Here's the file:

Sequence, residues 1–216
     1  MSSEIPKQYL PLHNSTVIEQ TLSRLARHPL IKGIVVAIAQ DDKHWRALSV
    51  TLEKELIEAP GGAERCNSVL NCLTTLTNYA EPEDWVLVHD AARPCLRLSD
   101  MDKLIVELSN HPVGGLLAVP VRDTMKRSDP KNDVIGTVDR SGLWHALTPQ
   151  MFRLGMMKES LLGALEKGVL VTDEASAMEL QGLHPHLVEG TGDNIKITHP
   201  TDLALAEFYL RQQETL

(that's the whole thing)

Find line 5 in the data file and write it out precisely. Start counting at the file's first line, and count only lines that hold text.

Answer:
   151  MFRLGMMKES LLGALEKGVL VTDEASAMEL QGLHPHLVEG TGDNIKITHP